Moonfall is a Marvel-level sci-fi movie in support of human imagination
Conflict of interests disclosure ~ This reviewer has seen every Roland Emmerich movie and likes most of them.
The best balls-out sci-fi movie since the Chinese hit, Wandering Earth (2019) (Netflix, YouTube). Like Wandering Earth, Moonfall IS A MOVIE ABOUT IMAGINATION. If you dislike artful expressions of visual imagination, stay away and don’t carp about the dialogue until you have written a better script and can show it to me.
If the last 2–3 Roland movies were too slow-moving for you, he doubles the pace here. Everything’s compressed into three weeks. The story has all the characters improvising again and again, giving the whole narrative a slightly manic improv-like tone. This be-fits a story racing thru the most OUT-SIZED ideas imaginable, one after the other, lickety-split.
If you don’t like the formulaic dialogue and repeating characters of Roland’s movies — then you probably dislike authentic fairy tales as well. Roland’s disaster movies are like fables. They require the same stereotyped character models because they are touching on ARCHETYPES of how humans like to process disasters which can’t be avoided. They demonstrate to our UNconscious how to get thru disasters, not get stuck in them.
With both Moonfall and Wandering Earth (a Chinese homage to Emmerich disaster movies) and James Bond Movies, you don’t walk into the theater expecting much more than spectacle and excitement. It’s pointless to take such fare too seriously. Exercises in imagination live or die on execution, not on how well they stand up to deconstruction by critics.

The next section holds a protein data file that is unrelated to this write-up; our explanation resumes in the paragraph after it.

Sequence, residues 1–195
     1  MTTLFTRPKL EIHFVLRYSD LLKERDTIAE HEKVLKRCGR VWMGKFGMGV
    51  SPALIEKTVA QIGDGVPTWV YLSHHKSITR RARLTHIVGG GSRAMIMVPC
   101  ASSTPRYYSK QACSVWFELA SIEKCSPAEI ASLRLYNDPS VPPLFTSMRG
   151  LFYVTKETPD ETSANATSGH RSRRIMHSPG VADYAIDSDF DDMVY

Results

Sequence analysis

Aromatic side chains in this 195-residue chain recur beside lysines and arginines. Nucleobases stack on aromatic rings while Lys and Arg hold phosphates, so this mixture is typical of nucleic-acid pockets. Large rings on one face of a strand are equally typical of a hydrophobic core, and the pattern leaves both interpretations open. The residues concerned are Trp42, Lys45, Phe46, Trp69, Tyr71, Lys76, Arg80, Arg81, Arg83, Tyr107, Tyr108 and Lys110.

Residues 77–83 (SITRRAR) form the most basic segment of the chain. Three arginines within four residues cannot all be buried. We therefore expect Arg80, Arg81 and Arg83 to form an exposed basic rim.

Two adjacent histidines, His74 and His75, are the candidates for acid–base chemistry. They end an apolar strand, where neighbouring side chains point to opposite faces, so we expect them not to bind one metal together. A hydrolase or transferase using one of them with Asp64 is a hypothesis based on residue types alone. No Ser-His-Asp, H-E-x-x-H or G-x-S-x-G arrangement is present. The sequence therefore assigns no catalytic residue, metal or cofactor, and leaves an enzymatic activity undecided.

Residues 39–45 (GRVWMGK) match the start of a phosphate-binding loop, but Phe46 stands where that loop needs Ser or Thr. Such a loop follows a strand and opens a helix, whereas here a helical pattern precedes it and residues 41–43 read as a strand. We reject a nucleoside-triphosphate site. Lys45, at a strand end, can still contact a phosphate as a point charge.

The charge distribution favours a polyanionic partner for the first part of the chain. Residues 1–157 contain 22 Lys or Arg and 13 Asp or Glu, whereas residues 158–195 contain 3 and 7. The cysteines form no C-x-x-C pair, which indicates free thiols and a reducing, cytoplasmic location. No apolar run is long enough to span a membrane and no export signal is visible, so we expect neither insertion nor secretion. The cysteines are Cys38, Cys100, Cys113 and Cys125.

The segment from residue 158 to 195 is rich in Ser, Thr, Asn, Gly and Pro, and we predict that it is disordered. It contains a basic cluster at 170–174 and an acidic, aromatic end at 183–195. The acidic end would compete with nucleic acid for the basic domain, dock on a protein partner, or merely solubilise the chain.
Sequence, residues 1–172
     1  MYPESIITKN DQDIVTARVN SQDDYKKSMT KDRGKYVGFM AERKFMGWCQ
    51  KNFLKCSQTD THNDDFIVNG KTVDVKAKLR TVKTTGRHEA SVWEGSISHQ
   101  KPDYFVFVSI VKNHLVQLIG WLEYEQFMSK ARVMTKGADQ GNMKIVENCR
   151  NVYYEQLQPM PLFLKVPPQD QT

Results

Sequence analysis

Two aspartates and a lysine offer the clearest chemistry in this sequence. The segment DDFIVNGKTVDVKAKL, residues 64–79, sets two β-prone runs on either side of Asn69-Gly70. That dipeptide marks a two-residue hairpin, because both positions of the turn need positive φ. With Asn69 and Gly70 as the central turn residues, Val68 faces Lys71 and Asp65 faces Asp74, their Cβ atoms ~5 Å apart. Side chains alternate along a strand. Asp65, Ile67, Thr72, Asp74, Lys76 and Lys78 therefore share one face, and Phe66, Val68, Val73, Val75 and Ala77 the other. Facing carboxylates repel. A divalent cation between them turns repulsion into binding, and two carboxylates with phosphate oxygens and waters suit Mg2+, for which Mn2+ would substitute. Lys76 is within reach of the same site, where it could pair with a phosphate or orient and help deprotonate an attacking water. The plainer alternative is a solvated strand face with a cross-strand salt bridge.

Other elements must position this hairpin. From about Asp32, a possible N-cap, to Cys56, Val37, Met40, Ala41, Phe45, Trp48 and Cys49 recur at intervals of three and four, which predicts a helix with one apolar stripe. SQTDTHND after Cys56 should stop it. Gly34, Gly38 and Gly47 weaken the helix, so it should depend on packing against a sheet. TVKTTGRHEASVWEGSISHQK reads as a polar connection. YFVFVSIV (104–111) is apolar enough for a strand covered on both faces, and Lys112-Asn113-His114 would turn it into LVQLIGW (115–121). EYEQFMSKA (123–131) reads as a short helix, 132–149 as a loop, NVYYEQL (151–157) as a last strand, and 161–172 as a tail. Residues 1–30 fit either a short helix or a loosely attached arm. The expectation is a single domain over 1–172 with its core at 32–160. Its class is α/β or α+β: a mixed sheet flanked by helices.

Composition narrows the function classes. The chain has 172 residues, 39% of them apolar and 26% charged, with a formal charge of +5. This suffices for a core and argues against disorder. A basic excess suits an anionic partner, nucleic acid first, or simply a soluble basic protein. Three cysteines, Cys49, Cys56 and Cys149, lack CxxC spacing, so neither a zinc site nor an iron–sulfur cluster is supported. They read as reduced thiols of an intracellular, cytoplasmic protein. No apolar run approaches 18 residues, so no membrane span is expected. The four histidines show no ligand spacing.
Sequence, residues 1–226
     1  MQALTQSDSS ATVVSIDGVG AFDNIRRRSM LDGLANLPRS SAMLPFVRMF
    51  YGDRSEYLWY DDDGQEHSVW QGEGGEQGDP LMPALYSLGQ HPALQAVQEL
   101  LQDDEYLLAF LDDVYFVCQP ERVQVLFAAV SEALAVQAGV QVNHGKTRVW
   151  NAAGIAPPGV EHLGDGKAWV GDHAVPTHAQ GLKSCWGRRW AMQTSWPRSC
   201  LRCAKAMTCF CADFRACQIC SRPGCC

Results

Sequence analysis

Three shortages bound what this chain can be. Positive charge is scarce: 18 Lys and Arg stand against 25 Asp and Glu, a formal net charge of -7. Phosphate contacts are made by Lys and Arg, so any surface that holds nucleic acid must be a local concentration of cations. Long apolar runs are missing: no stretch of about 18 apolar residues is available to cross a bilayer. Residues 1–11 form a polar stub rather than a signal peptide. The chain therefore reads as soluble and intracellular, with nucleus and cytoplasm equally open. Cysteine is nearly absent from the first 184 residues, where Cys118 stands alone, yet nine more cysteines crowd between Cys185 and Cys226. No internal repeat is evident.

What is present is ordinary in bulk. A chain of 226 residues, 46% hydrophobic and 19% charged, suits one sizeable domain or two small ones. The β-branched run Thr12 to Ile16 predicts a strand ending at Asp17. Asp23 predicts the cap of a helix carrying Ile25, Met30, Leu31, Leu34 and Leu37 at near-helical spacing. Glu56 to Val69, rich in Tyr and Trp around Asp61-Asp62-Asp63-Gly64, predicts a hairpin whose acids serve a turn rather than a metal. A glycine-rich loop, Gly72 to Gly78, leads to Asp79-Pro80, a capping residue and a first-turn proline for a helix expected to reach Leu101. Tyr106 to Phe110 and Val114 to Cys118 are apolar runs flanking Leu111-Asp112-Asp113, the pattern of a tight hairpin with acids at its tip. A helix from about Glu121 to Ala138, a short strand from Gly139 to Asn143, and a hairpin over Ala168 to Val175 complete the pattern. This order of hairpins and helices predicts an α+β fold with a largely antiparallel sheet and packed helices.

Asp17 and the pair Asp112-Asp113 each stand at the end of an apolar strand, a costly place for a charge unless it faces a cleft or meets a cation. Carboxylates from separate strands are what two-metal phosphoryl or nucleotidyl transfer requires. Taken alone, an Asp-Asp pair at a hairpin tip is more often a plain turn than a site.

This is a 100% sci-fi epic at the Marvel-level. It succeeds for the same reasons. When you congregate CGI and VFX directors from three or more of the best special effects houses in the world, an unintended beneficial side-effect occurs. You end up with an astonishing brain trust of experience and creative talent in the multiple technical directors working off each other. This creates an unofficial directorial team where new ideas are welcomed and can be integrated. The result? The script on-set keeps evolving and improving daily. In post, the final edit keeps evolving and improving, right up to the the zero hour before printing copies for theaters.
Cheers to Variety reviewer, Pete Debruge for this snappy plot summary: “Hollywood’s leading disaster artist, Emmerich knows how to blow things up real good. … in [his] latest eye-roller, “Moonfall,” the joke is pretty much flipped: Everybody’s favorite satellite is set to collide with Earth in, oh, a day or so. This is just enough time for two space jockeys to suit up, shuttle out and set things right.”